However, it is far from a monopoly, there is market share there to be taken, and then maintained. You just have to exceed expectations and put your customer (and their customer, remember!) right at the centre of everything you do.
Lesson one. These fast fashion brands are always on, just like their customers are. This is reflected in their climbing profits and popularity. Missguided going as far as saying they are even more switched on than just fast fashion.
“We’re not just fast fashion, we’re rapid fashion.” – Missguided
I’m a well-seasoned shopper. I can safely say I’ve clocked up plenty of hours ‘research’ in the area. It’s clear that the success of these brands has a lot to do with the user experience.
Everyone in retail, fashion retailers or not, who has their finger on the pulse should be learning from these brands, so here’s where I come in. Your very own fashionista for rent, who comes armed with the lowdown on the very best experience throughout the customer journey.
Social Attraction – Fast Fashion Retailers Extend the Customer Journey
Social media has moved the starting line of the customer journey and provided you with an extra chance to remind your customers that you are there, during their motive development stage. These reminders can be something as simple as posting on your branded social channels or you could go to utilise your affiliate connections.
I often spot something on a blogger’s Instagram and somehow finding a delivery at my door the next day.
A couple of years ago, it would take a good few hours of stalking through all the likely culprits to find the said item, these days rewardStyle has only encouraged my shopping addiction has made it so much easier to hunt down the item and purchase, in the space of 10 minutes. Terrifying, but brilliant.
LIKEtoKNOW.it is RewardStyle’s consumer facing, ready to shop content platform, making beautiful, original, and mobile-first influencer content actionable for millions of socially inspired shoppers worldwide. – LIKEtoKNOW.it
A while ago, I found myself scrolling through Instagram to come across Veeveevogue’s post of some denim espadrilles. Next thing I know I had liked the post, there was a LIKEtoKNOW.it email in my inbox that took me right to the product page on ASOS.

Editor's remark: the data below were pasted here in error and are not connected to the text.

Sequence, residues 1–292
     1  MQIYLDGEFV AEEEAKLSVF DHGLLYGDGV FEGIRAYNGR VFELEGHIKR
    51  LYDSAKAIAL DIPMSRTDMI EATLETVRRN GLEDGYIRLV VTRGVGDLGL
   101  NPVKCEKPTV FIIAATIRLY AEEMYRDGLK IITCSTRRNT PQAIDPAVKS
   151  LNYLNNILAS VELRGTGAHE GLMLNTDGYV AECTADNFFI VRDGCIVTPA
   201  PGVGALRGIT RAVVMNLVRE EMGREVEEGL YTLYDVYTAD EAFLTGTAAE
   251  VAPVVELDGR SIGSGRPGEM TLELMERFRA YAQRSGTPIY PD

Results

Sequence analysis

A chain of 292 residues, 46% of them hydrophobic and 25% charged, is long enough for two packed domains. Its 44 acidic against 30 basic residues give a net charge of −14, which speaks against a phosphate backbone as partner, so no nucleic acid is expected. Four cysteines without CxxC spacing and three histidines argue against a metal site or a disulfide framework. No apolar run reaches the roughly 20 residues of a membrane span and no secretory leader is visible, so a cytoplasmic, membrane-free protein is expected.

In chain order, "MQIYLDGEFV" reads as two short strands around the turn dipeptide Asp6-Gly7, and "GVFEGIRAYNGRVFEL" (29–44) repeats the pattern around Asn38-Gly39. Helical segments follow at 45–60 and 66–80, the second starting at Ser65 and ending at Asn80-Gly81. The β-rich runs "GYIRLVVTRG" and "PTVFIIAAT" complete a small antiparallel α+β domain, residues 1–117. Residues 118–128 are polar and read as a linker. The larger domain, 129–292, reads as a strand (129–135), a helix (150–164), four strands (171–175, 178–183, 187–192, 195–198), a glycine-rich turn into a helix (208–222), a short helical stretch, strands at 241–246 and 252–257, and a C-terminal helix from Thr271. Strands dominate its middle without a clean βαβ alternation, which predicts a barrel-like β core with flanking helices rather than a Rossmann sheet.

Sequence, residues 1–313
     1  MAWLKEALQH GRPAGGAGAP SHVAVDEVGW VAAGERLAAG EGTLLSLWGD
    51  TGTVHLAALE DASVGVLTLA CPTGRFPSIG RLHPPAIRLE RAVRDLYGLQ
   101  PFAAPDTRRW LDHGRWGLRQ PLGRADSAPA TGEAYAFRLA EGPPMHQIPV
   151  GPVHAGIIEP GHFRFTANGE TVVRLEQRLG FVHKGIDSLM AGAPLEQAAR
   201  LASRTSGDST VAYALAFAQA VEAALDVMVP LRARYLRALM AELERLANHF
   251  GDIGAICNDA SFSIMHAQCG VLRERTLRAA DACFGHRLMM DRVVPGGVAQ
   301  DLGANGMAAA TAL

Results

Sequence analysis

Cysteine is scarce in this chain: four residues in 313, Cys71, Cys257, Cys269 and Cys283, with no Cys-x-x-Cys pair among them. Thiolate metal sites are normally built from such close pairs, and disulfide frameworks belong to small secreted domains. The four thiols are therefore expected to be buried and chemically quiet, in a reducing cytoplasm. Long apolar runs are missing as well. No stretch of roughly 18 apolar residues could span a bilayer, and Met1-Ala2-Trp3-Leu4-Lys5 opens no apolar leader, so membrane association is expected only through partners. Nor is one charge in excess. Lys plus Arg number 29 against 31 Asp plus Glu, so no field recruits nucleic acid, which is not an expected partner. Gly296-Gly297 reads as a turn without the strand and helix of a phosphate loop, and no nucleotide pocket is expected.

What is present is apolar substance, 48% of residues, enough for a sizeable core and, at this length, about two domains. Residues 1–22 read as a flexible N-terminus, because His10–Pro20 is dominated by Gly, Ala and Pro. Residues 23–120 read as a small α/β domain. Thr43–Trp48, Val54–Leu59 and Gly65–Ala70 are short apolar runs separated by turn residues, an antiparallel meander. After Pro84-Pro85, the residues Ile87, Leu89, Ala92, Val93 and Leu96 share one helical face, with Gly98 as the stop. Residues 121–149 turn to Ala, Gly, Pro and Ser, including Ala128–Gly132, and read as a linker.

Next thing the shoes were in my basket.
I wish I could say this was a one-off, but it’s all too frequent and I know that I won’t be alone in this.
These digitally savvy brands have taken the time to find out exactly where their audience hang out, so it makes perfect sense to just casually drop in a few reminders.
HOWEVER, this not an excuse to spam your customers with absolutely everything and anything. You should be adding value to their day, not interrupting it.
Inbox Offering – Fast Fashion Encouraging the Impulse Buy
So many online brands ask for their customer’s email addresses, everybody else is doing it, so it makes sense, right?
Well, not exactly. If you have nothing worth offering your customer, you don’t have a right to be landing in their inbox.
Is it so unreasonable to assume in a customer centric focused era that there would be some kind of return for our attention?
Make sure your brand deserves to be there, and you will reap the benefits.
A few months ago, ASOS website and app were down for more than 12 hours. As expected, havoc ensued on social media with people speculating what was to blame.
The next day, trusty ASOS was back up and running and they followed up with an agile email with the quirky subject line – ‘Can we make it up to you?’
10% off everything not only served as an apology but also, return on attention. Nice save, ASOS.
The Homepage ‘Need to Know – Creating Urgency